backflow/check valve code

Discussion in 'Illinois Plumbing Code Questions' started by benniebeeker, Sep 2, 2011.

  1. benniebeeker

    benniebeeker New Member

    Joined:
    Sep 2, 2011
    Location:
    Chicago, IL
    Hello all,

    Our building floods in the basement every 2-3 years due to insufficient capacity of the city sewers. Basically, rainwater takes over during really bad storms and it just backs up through our floor drains. We have been struggling to get a backflow/check valve installed but are getting the runaround from a handful of plumbers. Basically, we need someone who is familiar with city rules and regulations to clarify a few things for us.

    First a little more information. We had our roof runoff downspouts diverted out into the alley instead of into the catch basin where our other lines run into. This helped significantly when we had our last flood. We only had an inch instead of a foot. Plumbers have been able to locate the pipe at the street. Sadly, it runs underneath a load bearing wall and then follows through underneath one of the units making it almost impossible to install inside the exterior wall. It would mean that we would have to have it installed inside of that unit. We were told that the check valves would need a service port so they can be greased and maintained annually.

    One plumber told us that they would need to put the service port and check valve in the unit and claim that no odor/spill would incur. I find this difficult to believe. Another plumber told is that we have no choice but to put it out at the street since it is against building code to put a service port inside of a building. This same plumber told us that most plumbers want to put the valves inside of the building to cut costs. They don't want to chase the permits that are required to do the work in the sidewalk (or pay the fees) and they don't have to dig nearly as deep if they install it as close to the back as possible.

    Is anyone familiar with City of Chicago code? Can they confirm that it is indeed against code to have check valves installed within the walls of the building? Assuming that we can go this road, what are the chances that an odor will take over and what are the chances that we get a spill?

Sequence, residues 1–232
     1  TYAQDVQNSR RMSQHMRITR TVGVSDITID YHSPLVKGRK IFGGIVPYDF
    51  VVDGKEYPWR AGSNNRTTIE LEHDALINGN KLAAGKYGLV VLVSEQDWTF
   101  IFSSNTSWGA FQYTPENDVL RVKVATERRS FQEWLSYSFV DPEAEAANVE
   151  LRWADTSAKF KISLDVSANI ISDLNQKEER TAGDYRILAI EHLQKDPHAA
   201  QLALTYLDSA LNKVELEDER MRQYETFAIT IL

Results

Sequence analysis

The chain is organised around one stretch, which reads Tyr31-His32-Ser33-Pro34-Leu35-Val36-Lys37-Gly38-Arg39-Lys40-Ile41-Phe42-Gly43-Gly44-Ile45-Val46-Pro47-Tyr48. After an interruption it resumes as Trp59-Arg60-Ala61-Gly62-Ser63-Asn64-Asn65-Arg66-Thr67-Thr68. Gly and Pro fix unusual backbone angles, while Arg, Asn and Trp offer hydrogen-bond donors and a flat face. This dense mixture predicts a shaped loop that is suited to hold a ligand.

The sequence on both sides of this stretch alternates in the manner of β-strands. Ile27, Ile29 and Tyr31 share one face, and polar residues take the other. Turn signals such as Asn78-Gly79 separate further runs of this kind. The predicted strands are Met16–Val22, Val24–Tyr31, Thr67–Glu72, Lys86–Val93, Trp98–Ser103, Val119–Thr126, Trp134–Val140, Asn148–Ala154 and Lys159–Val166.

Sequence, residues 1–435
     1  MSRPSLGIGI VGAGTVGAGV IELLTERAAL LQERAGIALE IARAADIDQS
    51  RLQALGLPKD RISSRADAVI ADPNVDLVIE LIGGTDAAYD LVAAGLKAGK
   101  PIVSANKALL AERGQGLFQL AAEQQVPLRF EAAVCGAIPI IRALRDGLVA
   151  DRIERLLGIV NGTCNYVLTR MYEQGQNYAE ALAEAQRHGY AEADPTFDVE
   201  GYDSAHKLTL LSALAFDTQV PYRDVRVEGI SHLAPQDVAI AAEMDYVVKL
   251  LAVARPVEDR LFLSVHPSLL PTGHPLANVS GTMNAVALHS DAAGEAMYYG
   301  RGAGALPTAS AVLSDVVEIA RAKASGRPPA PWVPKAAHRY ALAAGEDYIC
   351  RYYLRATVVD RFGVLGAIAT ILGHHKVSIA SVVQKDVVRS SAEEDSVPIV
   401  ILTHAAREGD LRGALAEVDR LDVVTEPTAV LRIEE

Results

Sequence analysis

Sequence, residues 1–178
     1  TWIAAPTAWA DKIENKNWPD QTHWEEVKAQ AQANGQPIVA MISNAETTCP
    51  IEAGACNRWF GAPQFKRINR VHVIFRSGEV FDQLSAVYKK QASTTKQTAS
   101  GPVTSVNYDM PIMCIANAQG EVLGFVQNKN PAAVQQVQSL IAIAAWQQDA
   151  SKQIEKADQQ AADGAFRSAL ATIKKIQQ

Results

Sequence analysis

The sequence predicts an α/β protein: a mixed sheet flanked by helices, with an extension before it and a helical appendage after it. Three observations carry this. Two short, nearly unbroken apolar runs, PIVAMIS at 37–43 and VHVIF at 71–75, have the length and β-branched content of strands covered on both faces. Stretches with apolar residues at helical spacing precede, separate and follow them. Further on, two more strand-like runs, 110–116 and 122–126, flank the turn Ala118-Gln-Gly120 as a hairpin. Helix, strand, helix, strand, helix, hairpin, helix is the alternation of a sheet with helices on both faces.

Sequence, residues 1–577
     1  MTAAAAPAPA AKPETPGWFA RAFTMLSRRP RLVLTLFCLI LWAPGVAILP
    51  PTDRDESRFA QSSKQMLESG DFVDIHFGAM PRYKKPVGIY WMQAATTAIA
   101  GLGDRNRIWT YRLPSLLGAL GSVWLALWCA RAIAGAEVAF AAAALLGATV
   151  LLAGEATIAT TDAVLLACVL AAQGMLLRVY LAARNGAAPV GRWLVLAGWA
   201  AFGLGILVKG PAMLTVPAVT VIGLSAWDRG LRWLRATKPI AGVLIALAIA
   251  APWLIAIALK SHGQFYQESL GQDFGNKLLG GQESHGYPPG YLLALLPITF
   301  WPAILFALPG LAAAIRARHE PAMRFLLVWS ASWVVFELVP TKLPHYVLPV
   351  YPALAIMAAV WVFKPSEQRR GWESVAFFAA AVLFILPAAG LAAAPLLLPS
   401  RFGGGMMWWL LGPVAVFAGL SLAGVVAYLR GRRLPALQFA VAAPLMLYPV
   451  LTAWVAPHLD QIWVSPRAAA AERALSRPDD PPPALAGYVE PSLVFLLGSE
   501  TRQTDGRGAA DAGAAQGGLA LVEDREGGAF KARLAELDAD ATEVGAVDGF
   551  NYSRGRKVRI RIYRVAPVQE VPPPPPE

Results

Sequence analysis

Any insight would be greatly appreciated. This project has been ongoing for almost a year now. We haven't had a single consistent answer!!!!
     
  2. SewerRatz

    SewerRatz Illinois Licensed Plumber

    Joined:
    Nov 20, 2008
    Occupation:
    Chicago Illinois Licensed Plumber
    Location:
    Chicago, IL
    There is nothing against the code to install a back water valve inside the building. The valve is sealed tight so you will not get any odors. It does need to be able to be serviced which is recommended to be done yearly. Just putting in a backwater valve will only solve the trouble of the city sewer backing up into the building. A flood control is a much better solution. Most flood controls are installed outside, which requires a manhole to be installed with the backwater valve, an overflow pipe on the house side of the backwater valve and a ejector pit/pump. When the city sewer backs up the backwater valve is forced closed preventing the city sewer from backing up in the building, but now the building waste water can not flow out anymore so it will leave out of the overflow pipe into the ejector pit, the pump will then pump the buildings waste water out beyond the backwater valve.

    Now there is an inside version of a flood control system you can install by Tramco, its called the Tramco 960 http://www.tramcopump.com/ResidentialDetails.cfm?ProdID=26

    Here is the only requirements by the City of Chicago for installing a flood control
     
  3. Sponsor

    Sponsor Paid Advertisement

     
  4. benniebeeker

    benniebeeker New Member

    Joined:
    Sep 2, 2011
    Location:
    Chicago, IL
    thank you for the reply... do you know of anyone that would be willing to do the flood control system out in our sidewalk??? We got a quote for 11k for a valve, basin, and ejector pump. Does this seem reasonable????